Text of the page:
When James McPartland took on the CIO role at Torchmark Corporation in 2014, he had a big task before him: Show the rest of the business that IT could help drive growth.
Are You a Game-Changer or a Problem-Fixer?
By Minda Zetlin
CIO magazine’s annual survey of CIOs exposed a sharp divide between two distinct types of CIOs: Those whose IT operations are seen as a game-changing strategic partner in the business, and those whose IT operations are seen as a cost center that mainly fixes problems. The 25 percent of survey respondents who report being seen as partners are living starkly different lives than their cost-center counterparts. Sixty-four percent of them report directly to the CEO, compared to 37 percent of their cost-center colleagues. Their average compensation is $249,000, compared with $182,000 for the cost-center CIOs. Significantly, like their C-suite colleagues, the strategic partner CIOs are likeliest to receive extra compensation when the company hits sales or profit goals. There could be no clearer signal that these strategic CIOs are seen as an essential part of reaching those goals.
Cost-center CIOs and strategic CIOs also describe their jobs very differently. Cost-center CIOs describe their main priorities as finishing major enterprise projects, simplifying IT, and—not surprisingly--cutting costs. Strategic CIOs say their priorities are to lead project innovation and enable global expansion.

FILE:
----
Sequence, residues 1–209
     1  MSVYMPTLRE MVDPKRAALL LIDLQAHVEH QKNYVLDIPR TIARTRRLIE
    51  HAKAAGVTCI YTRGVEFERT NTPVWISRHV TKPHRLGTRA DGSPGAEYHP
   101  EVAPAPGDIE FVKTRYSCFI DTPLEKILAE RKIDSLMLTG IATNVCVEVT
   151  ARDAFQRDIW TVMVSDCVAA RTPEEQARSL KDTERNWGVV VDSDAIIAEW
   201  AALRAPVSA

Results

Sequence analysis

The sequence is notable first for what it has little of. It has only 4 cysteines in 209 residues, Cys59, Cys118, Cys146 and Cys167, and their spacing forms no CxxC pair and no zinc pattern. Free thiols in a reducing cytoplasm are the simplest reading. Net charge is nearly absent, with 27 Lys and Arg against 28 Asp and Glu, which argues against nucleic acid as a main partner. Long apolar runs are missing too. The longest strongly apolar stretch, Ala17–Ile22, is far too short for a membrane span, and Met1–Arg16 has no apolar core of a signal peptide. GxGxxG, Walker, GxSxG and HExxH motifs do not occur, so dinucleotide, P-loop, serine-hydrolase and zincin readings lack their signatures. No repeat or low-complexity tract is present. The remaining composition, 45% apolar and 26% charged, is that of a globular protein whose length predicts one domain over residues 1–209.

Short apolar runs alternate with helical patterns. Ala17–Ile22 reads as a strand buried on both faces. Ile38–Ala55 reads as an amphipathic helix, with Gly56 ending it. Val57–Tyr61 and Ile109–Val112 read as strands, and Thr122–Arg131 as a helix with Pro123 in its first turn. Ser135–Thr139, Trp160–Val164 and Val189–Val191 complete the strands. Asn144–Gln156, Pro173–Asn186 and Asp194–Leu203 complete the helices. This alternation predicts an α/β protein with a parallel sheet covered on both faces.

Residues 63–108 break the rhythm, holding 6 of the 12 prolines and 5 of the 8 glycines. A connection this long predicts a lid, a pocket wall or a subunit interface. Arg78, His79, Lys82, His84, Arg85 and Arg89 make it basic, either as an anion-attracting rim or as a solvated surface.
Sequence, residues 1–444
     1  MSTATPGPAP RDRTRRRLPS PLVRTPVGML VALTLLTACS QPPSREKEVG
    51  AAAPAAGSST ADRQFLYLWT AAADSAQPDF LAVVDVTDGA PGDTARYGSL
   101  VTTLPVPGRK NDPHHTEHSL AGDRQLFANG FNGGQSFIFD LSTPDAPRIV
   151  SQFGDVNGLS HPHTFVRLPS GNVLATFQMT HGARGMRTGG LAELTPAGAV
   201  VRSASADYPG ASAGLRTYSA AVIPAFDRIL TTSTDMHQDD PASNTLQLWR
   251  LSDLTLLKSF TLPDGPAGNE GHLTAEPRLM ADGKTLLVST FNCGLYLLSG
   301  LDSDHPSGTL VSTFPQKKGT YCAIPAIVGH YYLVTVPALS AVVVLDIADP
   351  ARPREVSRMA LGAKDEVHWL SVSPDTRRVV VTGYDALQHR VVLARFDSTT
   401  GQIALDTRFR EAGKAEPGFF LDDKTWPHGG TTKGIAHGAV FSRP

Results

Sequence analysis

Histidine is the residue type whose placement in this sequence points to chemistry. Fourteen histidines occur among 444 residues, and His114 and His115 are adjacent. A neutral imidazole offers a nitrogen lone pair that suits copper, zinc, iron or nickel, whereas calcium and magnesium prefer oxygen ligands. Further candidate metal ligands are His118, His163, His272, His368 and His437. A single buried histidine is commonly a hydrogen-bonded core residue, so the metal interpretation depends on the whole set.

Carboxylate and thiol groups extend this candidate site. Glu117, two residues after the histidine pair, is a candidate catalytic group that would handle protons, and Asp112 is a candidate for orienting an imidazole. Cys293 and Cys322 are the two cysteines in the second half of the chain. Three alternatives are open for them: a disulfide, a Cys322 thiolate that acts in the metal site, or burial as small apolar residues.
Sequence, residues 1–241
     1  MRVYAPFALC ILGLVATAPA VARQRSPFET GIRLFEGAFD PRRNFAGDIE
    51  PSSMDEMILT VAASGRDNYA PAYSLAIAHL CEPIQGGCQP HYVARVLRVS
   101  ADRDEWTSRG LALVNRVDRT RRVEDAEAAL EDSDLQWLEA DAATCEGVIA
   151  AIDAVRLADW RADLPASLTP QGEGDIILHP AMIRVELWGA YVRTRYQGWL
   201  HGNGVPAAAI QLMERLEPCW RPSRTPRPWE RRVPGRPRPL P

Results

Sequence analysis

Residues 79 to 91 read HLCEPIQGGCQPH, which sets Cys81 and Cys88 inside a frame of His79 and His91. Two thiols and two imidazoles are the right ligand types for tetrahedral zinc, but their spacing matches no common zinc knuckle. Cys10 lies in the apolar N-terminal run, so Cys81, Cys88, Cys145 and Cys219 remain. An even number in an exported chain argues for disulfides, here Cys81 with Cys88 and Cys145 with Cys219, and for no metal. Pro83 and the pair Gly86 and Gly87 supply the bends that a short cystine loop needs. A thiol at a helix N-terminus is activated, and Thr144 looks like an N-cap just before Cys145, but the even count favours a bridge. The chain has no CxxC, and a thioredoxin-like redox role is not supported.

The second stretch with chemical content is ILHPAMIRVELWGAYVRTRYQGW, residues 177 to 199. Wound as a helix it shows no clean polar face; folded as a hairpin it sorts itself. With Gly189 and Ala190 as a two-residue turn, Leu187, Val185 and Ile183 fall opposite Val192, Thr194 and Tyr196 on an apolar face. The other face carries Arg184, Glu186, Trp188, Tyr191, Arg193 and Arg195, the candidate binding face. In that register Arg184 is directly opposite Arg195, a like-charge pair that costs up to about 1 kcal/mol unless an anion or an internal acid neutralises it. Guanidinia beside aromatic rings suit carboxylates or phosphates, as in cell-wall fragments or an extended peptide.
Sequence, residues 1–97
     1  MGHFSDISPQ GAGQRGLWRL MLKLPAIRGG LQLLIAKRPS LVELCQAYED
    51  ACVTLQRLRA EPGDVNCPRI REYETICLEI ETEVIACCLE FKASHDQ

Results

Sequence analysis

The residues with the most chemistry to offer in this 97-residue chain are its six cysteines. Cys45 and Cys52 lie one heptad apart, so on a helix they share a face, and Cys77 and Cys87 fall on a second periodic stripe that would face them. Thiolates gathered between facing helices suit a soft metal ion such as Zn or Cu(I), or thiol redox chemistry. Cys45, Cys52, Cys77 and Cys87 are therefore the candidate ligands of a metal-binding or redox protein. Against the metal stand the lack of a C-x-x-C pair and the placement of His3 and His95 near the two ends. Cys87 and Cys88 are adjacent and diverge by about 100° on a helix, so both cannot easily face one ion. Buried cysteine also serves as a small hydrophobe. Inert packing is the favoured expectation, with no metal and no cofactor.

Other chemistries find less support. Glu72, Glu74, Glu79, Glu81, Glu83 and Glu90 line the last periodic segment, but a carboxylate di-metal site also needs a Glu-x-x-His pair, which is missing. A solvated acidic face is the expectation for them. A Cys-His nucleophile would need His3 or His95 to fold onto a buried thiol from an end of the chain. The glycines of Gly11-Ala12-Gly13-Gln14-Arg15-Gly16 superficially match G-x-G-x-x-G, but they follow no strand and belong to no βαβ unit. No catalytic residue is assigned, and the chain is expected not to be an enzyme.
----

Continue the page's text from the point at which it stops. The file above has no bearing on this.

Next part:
Many of the CIOs whose compensation is paid to the company’s performance have roles that bring them—and their IT staff—into contact with customers. Interestingly, resistance to putting IT folk directly in front of customers comes not from the business at large but from IT staffers, according to 47 percent of respondents. But the smartest CIOs jump at the chance to meet with external customers. One CIO interviewed by CIO volunteered to do a talk on cutting IT costs for one of her company’s customers.
IT project overseer or strategic company leader—which would you prefer to be? And if your current job description doesn’t match that aspiration, what will you plan to change in 2014?
Minda Zetlin is co-author of The Geek Gap: Why Business and Technology Professionals Don't Understand Each Other and Why They Need Each Other to Survive. Learn more at www.mindazetlin.com.